Wednesday, 23 February 2011

Scala's premature release

Back in August 2010, Martin Odersky raised eyebrows by stating that "Scala is foremost an industrial language". We commented on this triumph of hope over reality at the time, citing Scala's poor IDE support as a major headache for industrial users that had deterred us from adopting this academically-interesting programming language.

This rookie mistake of marketing a product months before it is ready is all too common. Several of our young client companies made the same mistake. One had even been paying an entire sales division not only salaries but bonuses for over a year before their first product was released!

The problem is not just the wasted marketing effort but that potential customers are deterred by their bad experiences with the immature product. This is reflected in Jonathan Edwards' recent article "Switching to Plan J", where he writes:

"My experiment with Scala is not working out. It’s just not ready for prime time..." - Jonathan Edwards

and others echo the sentiment:

"I’ve found exactly the same thing..." - Nat
"I agree with every point you made in this article... Tools are awful, even though years have been spent developing them." - Mark
"...plagued by continuous problems..." - Roy Batty

Martin Odersky now says that he is "painfully aware of the Eclipse issues" and Scala Solutions are working to produce reliable IDE support for Scala but he also admits that Emacs has been his IDE of choice for Scala development.

Hopefully the potential users who have been disappointed by today's Scala will try the language again once a first attempt has been made to address core issues like the reliability of the IDE support.


Wille said...

It's worth having some perspective regarding the tooling criticism: as I recall it (and I was around to recall it), the Java tooling and IDE's available oh, around 2000 where not all sunshine and rainbows either. It's been a long hard slog to get Java toolsets to the place they are today - I'd argue the first painfree Java IDE I used was Eclipse 3.0 back in 2004. Before then I had massive gripes with pretty much every IDE I came across.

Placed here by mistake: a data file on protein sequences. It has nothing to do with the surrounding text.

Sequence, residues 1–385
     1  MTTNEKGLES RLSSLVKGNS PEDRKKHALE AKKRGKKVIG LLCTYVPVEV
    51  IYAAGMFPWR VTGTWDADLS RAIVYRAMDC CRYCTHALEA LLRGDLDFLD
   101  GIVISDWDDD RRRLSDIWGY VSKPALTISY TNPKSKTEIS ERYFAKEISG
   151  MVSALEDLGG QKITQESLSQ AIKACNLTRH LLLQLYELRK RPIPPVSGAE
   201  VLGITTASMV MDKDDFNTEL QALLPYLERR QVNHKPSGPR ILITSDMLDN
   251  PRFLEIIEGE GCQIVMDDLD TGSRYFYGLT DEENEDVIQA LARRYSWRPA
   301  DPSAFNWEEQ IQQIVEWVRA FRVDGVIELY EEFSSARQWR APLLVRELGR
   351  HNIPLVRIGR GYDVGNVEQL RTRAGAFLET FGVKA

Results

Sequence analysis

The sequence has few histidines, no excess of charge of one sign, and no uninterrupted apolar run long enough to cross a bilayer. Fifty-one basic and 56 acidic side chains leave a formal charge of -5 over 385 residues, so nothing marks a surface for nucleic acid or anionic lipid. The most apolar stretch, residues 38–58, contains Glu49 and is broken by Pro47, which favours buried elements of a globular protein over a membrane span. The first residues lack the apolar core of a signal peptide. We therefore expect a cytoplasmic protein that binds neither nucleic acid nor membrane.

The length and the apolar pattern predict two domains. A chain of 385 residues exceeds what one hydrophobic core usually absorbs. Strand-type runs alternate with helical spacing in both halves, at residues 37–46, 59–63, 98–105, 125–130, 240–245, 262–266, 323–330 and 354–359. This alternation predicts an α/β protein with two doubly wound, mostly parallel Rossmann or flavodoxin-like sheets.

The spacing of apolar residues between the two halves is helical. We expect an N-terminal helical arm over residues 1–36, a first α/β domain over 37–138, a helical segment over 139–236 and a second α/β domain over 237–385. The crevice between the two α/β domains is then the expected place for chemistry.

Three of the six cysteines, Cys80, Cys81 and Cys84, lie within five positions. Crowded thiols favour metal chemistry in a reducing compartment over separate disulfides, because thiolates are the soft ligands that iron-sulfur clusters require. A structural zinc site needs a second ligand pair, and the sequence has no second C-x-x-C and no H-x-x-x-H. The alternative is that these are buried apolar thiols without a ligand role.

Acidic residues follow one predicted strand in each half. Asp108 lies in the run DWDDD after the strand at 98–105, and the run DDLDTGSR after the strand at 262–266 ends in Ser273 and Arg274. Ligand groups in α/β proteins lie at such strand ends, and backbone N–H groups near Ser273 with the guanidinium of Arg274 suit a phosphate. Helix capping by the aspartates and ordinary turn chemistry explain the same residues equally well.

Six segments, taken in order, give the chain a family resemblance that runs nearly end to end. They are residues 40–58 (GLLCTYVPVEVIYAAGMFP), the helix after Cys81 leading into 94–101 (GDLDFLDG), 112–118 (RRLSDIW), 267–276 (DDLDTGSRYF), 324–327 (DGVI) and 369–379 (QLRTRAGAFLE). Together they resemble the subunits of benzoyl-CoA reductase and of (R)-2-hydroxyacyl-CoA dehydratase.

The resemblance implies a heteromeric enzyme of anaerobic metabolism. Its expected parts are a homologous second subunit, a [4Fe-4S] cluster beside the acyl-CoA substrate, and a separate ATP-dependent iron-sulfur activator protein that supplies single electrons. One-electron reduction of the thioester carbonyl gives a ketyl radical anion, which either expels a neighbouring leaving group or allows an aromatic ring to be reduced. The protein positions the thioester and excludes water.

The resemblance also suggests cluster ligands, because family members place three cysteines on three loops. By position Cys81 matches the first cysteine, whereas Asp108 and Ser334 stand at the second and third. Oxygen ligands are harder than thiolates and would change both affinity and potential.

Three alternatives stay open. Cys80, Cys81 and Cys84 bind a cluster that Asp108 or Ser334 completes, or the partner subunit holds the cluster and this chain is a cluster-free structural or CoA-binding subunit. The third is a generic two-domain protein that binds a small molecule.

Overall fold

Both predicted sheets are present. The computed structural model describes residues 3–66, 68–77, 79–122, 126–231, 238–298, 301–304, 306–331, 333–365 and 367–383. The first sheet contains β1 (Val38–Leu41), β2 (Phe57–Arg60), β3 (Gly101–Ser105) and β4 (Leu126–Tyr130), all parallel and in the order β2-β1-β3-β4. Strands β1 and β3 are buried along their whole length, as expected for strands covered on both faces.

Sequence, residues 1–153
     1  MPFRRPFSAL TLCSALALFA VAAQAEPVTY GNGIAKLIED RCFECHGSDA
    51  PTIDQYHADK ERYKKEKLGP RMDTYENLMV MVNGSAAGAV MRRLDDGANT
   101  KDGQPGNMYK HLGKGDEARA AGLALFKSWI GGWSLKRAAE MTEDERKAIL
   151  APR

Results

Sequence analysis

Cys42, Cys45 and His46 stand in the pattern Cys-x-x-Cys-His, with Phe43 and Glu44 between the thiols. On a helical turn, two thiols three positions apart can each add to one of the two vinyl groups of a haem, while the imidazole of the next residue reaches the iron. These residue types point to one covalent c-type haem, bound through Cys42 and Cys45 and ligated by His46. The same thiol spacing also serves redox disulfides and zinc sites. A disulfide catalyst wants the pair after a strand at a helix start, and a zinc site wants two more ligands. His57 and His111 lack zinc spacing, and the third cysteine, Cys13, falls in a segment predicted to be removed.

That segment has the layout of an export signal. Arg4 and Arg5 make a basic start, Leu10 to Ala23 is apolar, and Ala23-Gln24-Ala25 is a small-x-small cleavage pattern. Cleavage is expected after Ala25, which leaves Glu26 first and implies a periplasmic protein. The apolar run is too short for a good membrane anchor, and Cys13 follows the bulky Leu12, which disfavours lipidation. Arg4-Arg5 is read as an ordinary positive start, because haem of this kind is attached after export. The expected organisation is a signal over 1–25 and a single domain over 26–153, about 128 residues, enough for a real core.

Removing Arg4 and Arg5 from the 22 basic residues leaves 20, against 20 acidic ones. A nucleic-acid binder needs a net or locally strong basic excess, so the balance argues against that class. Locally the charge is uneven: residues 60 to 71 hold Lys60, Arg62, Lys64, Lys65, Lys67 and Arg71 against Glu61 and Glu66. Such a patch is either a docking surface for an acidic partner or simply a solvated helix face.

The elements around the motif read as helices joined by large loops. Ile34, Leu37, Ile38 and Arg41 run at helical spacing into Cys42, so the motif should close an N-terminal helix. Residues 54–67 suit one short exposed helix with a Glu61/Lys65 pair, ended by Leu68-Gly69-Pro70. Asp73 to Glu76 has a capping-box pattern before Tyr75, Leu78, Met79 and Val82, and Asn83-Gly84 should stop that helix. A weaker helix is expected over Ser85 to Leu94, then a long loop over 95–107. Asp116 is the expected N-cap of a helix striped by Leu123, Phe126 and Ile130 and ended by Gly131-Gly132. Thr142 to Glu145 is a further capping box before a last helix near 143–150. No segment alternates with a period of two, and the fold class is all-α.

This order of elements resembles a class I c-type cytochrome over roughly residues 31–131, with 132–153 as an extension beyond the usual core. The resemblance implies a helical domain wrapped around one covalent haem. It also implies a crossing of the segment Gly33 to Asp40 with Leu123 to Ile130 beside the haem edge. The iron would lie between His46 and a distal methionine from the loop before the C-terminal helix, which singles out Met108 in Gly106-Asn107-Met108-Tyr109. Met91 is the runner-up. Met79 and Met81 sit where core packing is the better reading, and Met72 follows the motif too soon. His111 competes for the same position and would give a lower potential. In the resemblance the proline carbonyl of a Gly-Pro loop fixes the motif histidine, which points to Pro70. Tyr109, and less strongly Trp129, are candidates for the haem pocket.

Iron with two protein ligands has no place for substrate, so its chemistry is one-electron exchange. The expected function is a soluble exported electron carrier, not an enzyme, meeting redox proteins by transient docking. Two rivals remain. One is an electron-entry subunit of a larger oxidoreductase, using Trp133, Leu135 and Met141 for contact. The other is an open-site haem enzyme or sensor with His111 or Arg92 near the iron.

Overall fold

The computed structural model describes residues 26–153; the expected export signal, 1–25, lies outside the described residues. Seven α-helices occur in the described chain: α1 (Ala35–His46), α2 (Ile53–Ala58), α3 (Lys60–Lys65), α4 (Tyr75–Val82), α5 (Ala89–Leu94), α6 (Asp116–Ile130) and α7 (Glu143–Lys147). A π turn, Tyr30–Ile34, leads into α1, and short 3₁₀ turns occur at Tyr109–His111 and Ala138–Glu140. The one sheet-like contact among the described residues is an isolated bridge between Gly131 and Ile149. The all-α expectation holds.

..And Java was about 10 years old at that time.

These things take time unfortunately. It took Java 10 years (or 6 if you're more lenient than me), many other languages, such as Ruby and Python still don't have IDE's that are anywhere near the level of sophistication available in the Java world (let's not even mention the Mac/iOS eco-systems tools..).

Flying Frog Consultancy Ltd. said...

@Wille: I think you'll get a more useful perspective by looking at the state of play today rather than history like Java at the turn of the millenium. F# has had rock solid IDE support for well over a year. Clojure has much better IDE support than Scala despite having much less momentum.

Daniel said...

I use IntelliJ IDEA 10 with Scala support and did not notice any problem - refactoring, autocompletion etc...

Flying Frog Consultancy Ltd. said...

@Daniel: That's very interesting. Several people have now recommended IntelliJ IDEA to us but our experience was limited to Eclipse. If we take another look at Scala in the future I'll make sure we try the IntelliJ offering!